We are running another contest to give away FIVE FREE SPOTS for this year’s ART PLAY DATE. If you have signed up, you could win your money back. Contest closes July 8th. Email me if you would like to enter and let me know what intrigues you about this event.
There is still time to join this event if you would like. You have the videos until next year.
To sign up or view the projects, please go to my home page and click on the banner. That way they know how you got to the site. Thanks!!
Sorry for the delay on this installment. I got a little distracted with the Art Play Date, finishing my book and going to The Tole Patch in Delaware!! They did an amazing job on their Little Foxies!
I use my Princeton Select Series 3750 1/8″ lunar blender to stipple the highlight. That way I get a texture and more variation in colour. Look closely at eyes. They have lots of flecks of colour in them. I stippled a highlight first and then I wiped my brush and stippled some darker brown flecks. And I even added some yellow to have a glow.
After the stippling, it’s time to float.
The floats are quite narrow for this guy. Narrow but not harsh. They still need to be blended. I did a brown float first – around the edge of the iris AND around the pupil. Then I repeated the floats with a well controlled black sideload.
Back to the lunar blender for a secondary highlight and a few sparkles.
After touching up and highlighting the membrane, float black again around the eye (on the fur this time) to set the eyes in.
The nose is also stippled and drybrushed with the 1/8″ lunar blender. Its always best to do things in layers rather than one bright step. That way you can control the values. Use your angle or flat to float the nostrils for a crisper edge. Again, look carefully at how a nostril is shaped. Dog noses will be similar to a fox.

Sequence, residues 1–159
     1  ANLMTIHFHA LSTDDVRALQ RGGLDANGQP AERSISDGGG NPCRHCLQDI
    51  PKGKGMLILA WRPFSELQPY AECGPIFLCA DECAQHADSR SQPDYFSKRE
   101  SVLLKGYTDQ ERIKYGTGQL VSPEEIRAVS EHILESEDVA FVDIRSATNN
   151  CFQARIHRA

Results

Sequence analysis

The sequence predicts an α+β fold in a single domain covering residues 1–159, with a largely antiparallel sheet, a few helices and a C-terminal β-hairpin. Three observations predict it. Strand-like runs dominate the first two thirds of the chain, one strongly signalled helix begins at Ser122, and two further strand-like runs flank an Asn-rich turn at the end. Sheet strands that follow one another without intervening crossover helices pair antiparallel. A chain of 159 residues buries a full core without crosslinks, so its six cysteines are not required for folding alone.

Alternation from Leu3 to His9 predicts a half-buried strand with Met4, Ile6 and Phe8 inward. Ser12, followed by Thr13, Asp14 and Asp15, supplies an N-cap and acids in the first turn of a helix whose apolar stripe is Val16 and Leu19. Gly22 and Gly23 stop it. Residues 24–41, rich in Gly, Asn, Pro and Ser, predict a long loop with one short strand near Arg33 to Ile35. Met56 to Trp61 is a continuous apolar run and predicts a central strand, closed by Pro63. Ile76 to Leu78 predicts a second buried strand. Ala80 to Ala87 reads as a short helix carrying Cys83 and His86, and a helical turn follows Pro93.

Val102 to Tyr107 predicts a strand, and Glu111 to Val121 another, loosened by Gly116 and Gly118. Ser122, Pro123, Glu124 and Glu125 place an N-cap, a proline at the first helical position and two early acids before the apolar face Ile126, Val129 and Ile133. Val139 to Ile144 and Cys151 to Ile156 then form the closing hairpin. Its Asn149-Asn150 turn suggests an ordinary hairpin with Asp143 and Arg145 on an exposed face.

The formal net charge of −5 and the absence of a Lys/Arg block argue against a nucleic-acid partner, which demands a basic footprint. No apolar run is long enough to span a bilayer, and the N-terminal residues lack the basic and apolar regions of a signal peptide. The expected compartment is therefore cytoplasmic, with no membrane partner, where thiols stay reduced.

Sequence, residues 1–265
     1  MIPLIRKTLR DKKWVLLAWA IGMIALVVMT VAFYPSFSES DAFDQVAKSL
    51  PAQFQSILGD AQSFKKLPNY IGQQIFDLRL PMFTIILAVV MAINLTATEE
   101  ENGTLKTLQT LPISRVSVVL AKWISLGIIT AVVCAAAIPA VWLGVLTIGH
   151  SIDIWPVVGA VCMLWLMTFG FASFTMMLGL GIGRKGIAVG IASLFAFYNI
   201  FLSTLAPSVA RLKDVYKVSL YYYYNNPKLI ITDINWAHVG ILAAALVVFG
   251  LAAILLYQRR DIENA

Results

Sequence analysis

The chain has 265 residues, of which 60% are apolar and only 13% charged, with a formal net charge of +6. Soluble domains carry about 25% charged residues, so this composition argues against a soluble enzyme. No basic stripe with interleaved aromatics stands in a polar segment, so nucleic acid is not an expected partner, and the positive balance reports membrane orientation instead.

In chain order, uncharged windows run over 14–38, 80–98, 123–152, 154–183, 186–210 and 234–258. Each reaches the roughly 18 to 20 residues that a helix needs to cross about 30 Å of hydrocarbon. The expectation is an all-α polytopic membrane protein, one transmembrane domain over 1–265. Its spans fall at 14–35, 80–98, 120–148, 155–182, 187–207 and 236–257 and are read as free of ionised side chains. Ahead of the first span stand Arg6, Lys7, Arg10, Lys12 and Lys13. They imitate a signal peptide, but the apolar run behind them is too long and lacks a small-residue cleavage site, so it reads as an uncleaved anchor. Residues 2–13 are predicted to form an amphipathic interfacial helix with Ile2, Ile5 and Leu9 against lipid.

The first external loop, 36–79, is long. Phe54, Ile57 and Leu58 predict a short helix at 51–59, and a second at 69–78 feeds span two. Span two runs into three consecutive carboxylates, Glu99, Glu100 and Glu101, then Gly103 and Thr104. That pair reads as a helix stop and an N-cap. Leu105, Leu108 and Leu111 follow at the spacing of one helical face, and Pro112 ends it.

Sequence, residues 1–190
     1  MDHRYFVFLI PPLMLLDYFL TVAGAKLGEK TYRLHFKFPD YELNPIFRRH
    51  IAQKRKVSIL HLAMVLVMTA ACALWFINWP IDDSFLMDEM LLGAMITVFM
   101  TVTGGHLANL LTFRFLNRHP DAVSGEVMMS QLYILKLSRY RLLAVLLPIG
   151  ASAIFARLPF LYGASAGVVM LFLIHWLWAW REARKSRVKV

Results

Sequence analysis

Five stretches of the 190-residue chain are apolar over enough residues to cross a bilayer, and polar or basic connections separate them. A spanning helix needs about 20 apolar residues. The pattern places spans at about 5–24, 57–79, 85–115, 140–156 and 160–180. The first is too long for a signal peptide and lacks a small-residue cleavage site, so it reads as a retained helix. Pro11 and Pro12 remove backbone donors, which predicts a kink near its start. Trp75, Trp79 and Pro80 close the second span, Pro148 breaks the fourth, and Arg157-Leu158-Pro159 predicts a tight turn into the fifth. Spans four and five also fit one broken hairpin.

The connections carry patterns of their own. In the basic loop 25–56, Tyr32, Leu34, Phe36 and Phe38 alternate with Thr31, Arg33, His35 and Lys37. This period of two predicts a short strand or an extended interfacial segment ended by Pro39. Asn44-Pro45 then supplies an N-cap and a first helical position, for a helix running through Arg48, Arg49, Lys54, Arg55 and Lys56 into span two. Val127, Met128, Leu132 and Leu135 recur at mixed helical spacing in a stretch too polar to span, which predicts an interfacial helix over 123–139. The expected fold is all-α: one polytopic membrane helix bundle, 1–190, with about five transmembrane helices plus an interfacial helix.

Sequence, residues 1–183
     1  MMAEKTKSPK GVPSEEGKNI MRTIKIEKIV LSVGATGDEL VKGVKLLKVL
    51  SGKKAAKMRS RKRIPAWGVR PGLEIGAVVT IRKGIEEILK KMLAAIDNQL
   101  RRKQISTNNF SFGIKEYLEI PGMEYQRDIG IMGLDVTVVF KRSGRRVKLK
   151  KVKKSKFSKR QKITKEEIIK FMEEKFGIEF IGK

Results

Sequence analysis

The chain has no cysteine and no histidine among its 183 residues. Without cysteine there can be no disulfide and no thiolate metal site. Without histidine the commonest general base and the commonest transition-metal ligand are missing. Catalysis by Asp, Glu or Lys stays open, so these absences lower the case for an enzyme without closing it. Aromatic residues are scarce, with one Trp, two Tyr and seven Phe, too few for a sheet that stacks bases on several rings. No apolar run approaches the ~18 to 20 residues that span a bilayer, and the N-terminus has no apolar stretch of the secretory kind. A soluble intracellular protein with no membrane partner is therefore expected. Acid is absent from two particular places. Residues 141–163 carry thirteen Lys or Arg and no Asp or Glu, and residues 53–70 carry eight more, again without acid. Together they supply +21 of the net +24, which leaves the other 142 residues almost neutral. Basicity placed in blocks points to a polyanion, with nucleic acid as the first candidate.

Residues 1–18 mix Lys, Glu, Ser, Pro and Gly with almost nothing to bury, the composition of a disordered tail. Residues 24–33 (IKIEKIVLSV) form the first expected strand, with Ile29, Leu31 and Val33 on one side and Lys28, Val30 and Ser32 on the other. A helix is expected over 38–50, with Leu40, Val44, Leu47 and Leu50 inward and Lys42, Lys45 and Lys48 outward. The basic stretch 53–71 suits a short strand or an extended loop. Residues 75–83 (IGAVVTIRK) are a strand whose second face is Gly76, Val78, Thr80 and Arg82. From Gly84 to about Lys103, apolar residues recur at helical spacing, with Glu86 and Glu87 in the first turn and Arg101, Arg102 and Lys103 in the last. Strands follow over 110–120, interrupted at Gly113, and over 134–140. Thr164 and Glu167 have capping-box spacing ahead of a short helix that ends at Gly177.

I hope you have found a few bits of useful information to help you paint your animals.
Art Play Date was launched last week. The excitement is flowing! Don’t forget that you have access to all the lessons for a YEAR so you can sign up anytime! The easiest way to sign up is to return to my homepage and click on the banner. You will go to the official website and you can sign up there. I don’t think you’ll be disappointed. Thanks!
You can see all the projects for the Art Play Date online event now!! They look wonderful. 25 classes for only $99.00.
If you haven’t signed up yet there is still time…
Sign up with me using my affiliate link. <a href=”https://www.e-junkie.com/ecom/gb.php?cl=235423&c=ib&aff=269071″ target=”ejejcsingle”/a>
Art Play Date is coming closer. Kelly Hoernig has designed a sweet little bonus lesson which will going live on Thursday.
Have you signed up yet?
Sign up with me by returning to my home page and clicking on the Art Play Date banner.
Here is Margarita! She is my project for the online event called Art Play Date.
Twenty four of the industry’s leading artists have gotten together to offer you a different creative experience. Each week from May – October you will receive a lesson which consists of a pre recorded video and a corresponding PDF. You can stop and start the video and watch them as many times as you want.
Check out my Home Page for the other artists! Some great names! All 24 classes are yours for $99.00 total!!
This is a great opportunity to step outside the box and try many new techniques, mediums and styles.
Margarita is done with pan pastels, coloured pencil, solvents and a little surprise bling embellishment.
Please use the banner on the home page to link you to the site if you are interested in signing up. That is how I get paid and it would be greatly appreciated.